5. (SBU) Post will confer with key GOT economic technocrats
and Fund Staff this week to hear how well the GOT is
progressing on reform implementation, particularly those
pertaining to the Sixth Review, and will provide ists
assessment of progress by October 6. Washington should note,
however, that there is a real possibility that the USG will
not have enough information to determine whether the GOT is
on track by October 6. In fact, the status will probably not
be clear until the IMF team completes its work. Between now
and October 6 the above-cited legislation may not have been
submitted to parliament--let alone passed--and there may be
little news on the fiscal targets, SEE's, direct tax reform
and Turk Telecom.

Potential Markers for the Second Tranche:

6. (SBU) Given the timing of the disbursement decision on the
first tranche of the FA, it seems unrealistic to push for
more reforms than those in the Sixth Review. Post recommends,
however, that we lay down markers--either before or after
disbursement--about progress we,d like to see before the
second tranche, including not only staying on track with the
Fund program but possibly a broader array of reforms which
the GOT has committed to implement:

--Privatization: With Petkim, Tekel and Tupras nearing bid
submission, post believes it is reasonable to make the point
now that the USG expects the GOT to consummate the sales of
all three of these companies by the time of the second
tranche. In addition, without requiring a sale, there should
be tangible signs of progress in restructuring and preparing
state banks for privatization, such as approval of a strategy
for Vakif Bank.

--SEE staff reduction: Complete year-end staff reduction
targets on SEE,s not on the privatization list (in other
words, eliminate all 19,000 positions). Note that
privatization of Petkim, Tupras, and, especially, Tekel, will
take care of position-reduction targets at SEE,s on the
privatization list.

--2004 budget measures: pass a budget which is in line with
the agreement with Fund staff. In the past there have been
problems with slippage between agreement-in-principle with
the Fund and the actual measures passed. We would also
expect year-end and first quarter fiscal performance to be in
line with IMF-agreed primary surplus targets. We could
stress the need for sustainable, rather than one-off, revenue

--Maintenance of the independence of regulatory bodies:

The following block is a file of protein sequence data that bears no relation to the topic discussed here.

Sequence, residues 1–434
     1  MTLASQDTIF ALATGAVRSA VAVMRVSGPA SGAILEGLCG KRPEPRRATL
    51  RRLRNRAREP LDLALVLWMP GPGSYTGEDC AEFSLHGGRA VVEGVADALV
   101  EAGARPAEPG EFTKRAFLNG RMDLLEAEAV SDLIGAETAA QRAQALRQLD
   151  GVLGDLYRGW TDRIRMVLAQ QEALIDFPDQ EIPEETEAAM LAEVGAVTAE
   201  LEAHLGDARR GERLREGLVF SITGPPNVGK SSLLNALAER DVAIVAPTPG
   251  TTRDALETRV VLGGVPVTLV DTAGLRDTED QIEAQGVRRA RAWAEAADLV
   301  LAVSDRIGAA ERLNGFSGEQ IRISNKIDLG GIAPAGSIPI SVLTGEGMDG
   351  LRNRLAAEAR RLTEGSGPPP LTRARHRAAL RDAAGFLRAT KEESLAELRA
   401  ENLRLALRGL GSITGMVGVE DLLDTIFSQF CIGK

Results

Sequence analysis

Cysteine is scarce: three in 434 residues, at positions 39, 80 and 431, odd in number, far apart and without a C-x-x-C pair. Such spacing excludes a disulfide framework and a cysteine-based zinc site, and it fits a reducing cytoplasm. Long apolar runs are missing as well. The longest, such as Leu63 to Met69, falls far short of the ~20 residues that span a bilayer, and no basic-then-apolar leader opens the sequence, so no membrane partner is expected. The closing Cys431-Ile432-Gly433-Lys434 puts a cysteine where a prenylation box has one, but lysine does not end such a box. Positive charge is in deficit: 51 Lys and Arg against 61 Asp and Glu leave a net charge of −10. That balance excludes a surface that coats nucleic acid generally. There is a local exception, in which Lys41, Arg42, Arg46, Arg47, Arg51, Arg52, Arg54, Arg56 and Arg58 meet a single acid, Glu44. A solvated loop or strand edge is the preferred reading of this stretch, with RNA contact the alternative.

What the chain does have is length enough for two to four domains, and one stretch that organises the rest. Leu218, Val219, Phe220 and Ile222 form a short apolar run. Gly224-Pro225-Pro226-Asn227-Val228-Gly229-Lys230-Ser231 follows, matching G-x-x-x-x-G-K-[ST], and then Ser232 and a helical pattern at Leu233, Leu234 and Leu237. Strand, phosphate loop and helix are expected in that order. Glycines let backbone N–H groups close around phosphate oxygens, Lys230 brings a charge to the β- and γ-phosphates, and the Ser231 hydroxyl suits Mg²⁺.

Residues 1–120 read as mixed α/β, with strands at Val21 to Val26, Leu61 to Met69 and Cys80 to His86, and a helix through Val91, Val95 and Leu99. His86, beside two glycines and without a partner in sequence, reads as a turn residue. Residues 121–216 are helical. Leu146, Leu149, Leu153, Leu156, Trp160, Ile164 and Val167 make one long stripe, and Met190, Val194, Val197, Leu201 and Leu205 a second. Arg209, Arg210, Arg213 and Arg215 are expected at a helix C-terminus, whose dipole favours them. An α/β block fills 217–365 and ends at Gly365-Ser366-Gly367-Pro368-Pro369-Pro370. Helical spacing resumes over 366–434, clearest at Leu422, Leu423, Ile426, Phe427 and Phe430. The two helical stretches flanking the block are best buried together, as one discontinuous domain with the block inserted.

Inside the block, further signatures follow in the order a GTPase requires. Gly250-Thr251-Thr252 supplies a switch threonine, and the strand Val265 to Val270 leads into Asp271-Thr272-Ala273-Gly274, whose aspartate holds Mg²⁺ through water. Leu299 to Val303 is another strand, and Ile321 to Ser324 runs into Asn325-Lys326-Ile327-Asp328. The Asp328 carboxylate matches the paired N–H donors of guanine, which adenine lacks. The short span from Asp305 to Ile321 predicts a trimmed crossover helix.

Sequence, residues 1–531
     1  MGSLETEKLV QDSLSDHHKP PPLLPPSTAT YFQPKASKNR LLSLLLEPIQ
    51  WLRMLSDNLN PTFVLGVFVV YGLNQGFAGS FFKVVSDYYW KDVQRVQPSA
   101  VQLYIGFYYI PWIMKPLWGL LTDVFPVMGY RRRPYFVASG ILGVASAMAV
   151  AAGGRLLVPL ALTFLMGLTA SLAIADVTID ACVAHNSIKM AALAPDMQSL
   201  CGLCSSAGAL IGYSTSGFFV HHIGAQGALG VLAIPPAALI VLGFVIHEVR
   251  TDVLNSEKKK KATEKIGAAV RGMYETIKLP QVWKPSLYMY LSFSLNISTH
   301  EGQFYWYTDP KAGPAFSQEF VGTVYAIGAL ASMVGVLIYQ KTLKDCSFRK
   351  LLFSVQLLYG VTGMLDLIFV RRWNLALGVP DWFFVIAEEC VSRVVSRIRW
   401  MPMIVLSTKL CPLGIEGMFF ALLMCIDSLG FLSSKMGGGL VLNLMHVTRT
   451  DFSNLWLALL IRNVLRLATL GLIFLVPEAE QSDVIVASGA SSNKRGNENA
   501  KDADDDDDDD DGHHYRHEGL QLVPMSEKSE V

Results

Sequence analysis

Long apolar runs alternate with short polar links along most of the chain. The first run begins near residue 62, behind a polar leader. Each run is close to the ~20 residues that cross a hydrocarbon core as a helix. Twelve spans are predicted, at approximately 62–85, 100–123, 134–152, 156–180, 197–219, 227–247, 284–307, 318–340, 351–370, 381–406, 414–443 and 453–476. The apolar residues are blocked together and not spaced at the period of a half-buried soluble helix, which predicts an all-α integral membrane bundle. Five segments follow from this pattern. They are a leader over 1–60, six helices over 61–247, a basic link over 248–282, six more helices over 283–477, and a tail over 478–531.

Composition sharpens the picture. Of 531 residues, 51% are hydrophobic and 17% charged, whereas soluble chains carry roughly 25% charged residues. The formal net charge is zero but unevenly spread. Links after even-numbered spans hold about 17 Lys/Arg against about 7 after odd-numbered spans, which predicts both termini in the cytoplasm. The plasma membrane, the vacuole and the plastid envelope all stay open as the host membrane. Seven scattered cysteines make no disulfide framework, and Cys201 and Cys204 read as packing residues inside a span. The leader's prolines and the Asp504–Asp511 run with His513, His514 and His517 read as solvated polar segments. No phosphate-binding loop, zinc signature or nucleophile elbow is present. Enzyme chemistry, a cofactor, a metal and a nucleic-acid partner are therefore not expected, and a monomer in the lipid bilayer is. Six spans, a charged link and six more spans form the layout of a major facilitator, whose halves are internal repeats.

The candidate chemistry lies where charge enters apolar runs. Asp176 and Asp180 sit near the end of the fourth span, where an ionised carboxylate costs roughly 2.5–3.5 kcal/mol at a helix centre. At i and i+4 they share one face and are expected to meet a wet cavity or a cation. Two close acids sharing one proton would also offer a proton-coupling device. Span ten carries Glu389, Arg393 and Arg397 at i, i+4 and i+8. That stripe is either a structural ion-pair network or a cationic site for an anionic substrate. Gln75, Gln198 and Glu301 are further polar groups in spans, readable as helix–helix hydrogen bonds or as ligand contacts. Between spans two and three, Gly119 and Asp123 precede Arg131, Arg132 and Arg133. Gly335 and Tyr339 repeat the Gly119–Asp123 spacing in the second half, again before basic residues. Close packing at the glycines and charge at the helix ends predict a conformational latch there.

Since the GOT is currently considering a law that would
undermine the independence of these institutions, this would
be an important signal to send.

--Progress on sectoral reforms in energy, telecoms and
agriculture: These issues, on which progress has been very
slow, are the centerpiece of the World Bank,s efforts in
Turkey. The GOT has been particularly slow to take advantage
of World Bank financing by implementing these reforms. Given
the complex and difficult nature of these sectoral reforms,
post recommends making a general point about wanting to see
progress, rather than requiring anything too specific, with
one exception. In the telecoms sector, post recommends a
marker on the GOT implementing its WTO commitment to
liberalize fixed telephony on January 1, 2004. Post believes
the telecoms sector in particular, needs a push towards
liberalization, and we are only requiring the GOT to live up
to its commitment.


© Scoop Media

World Headlines


Save The Children: Ukraine: 21 Children Killed Or Injured In Horrific Week Of Violence

At least 21 children have been killed or injured in just a week in an uptick of violence across Ukraine, Save the Children said today... More>>

UN: Visionary ‘Blue Transformation’ Strategy To Enhance Underwater Food Systems

Record levels of fisheries and aquaculture production are making a critical contribution to global food security, the UN Ocean Conference under way in Lisbon, Portugal, heard on Wednesday...
Abu Akleh Shooting: Fatal Shot Came From Israeli Forces, Says OHCHR
Israeli forces were behind the fatal shooting of Al Jazeera journalist Shireen Abu Akleh in the West Bank - not indiscriminate Palestinian firing - the UN human rights office, OHCHR, alleged on Friday... More>>

UN Ocean Conference: Opens With Call For Urgent Action To Tackle Ocean Emergency
With climate change, biodiversity loss and pollution exacting a devastating toll on the world’s ocean — critical to food security, economic growth and the environment... More>>

World Vision: Deeply Concerned For Thousands Affected By Afghanistan Quake
World Vision is deeply concerned about the deteriorating humanitarian situation in Afghanistan in the wake of a powerful earthquake in the early hours of this morning... More>>

Malaysia: UN Experts Welcome Announcement To Abolish Mandatory Death Penalty

UN human rights experts* today commended an announcement made by the Malaysian government that it will abolish the country’s mandatory death penalty and encouraged Parliament to take concrete steps to pass the agreement into law... More>>